- Associated Press - Saturday, March 11, 2017

BETHEL, Alaska (AP) - Tribal members who live near Bethel are asking the City Council to require liquor stores to only sell alcohol to customers with city IDs.

Representatives from more than a dozen tribes in the Yukon-Kuskokwim Delta met in Bethel this week to discuss the impact Bethel’s alcohol sales are having on their villages, KYUK-AM reported (https://bit.ly/2mMRreQ ).

Many tribal members say they have seen an uptick in domestic violence, drunken driving and other alcohol-related offenses since Bethel began selling alcohol for the first time in more than 40 years last year.

“Kids are depressed, walking around like they have no hope. Gunshots heard outside of my house multiple times. Neighbors that are always drinking,” said Kimberly Smith, Substance Abuse Prevention Coordinator in Akiak, a dry village.

It’s not just anecdotal. Some law enforcement officials say alcohol-related offenses are up.

“Since I started in December,” said Steven Andrew, an Atmautluak Tribal Police Officer, “I’ve already got one locker filled with empty bottles of booze. I can’t even count how many bottles I’ve taken away so far.”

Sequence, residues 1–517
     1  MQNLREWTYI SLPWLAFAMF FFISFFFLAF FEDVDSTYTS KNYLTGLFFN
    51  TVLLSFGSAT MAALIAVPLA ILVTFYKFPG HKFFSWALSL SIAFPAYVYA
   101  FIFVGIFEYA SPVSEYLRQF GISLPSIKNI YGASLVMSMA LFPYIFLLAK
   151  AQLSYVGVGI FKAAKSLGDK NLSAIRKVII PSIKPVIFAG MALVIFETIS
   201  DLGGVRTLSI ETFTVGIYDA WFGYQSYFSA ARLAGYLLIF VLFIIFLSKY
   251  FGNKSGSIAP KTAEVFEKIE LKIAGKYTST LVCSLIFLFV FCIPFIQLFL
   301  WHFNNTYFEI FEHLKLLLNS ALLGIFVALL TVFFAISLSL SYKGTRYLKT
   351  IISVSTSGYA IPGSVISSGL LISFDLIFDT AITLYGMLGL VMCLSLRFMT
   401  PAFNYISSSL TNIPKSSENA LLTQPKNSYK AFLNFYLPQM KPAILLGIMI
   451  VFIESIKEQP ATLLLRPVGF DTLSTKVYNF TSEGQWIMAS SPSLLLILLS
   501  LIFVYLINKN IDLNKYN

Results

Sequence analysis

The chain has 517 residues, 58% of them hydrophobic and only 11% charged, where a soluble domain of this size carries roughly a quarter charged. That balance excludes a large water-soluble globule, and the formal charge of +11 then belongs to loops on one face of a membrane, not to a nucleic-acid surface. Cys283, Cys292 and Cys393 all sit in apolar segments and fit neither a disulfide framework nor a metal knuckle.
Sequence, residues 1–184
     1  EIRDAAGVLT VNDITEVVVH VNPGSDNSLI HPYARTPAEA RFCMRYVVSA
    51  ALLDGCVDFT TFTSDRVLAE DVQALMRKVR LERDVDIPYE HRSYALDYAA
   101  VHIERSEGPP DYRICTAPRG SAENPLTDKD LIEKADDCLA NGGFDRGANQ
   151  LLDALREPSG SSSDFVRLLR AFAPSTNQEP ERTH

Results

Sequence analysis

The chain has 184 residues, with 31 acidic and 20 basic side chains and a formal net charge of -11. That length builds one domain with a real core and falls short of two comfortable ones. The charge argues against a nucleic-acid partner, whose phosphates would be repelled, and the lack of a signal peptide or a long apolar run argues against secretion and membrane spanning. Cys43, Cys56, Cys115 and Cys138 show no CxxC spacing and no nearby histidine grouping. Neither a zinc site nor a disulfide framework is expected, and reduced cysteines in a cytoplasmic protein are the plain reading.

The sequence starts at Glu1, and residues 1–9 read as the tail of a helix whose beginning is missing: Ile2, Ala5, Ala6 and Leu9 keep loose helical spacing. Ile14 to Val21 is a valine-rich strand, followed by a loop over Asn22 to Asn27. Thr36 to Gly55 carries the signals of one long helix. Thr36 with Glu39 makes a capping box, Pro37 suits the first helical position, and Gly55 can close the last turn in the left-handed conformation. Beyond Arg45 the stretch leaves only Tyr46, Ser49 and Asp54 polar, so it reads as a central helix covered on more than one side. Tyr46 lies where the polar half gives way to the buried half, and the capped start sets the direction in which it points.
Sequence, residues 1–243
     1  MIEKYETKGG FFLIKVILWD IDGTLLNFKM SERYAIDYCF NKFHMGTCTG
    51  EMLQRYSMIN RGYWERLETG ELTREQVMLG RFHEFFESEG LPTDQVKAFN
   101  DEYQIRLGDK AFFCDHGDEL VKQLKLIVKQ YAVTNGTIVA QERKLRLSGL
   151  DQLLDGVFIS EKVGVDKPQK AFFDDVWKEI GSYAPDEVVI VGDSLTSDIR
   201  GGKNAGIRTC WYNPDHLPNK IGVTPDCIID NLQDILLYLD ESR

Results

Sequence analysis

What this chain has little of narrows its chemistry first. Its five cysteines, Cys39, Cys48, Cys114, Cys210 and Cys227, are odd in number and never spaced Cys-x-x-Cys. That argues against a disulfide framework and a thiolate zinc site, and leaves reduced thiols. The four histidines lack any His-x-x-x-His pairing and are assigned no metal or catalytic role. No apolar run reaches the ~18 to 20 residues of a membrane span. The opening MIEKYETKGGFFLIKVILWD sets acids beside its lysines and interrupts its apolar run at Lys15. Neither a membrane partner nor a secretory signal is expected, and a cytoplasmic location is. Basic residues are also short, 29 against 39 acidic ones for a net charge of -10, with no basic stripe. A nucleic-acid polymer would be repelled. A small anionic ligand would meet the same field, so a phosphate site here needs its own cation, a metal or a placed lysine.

Andrew suggested public safety officers intervene before people begin consuming alcohol.

“Your tribal police officers,” he said, “they’re not only there to bring people in for protective custody. You can utilize them to start talking with people, doing welfare checks, check on people, see how they’re doing.”

The tribal group plans to ask Bethel officials to limit alcohol sales to city residents. They also encouraged each Yukon Kuskokwim Delta to create a safety plan to deal with alcohol impacts in their communities.


Information from: KYUK-AM, https://www.kyuk.org

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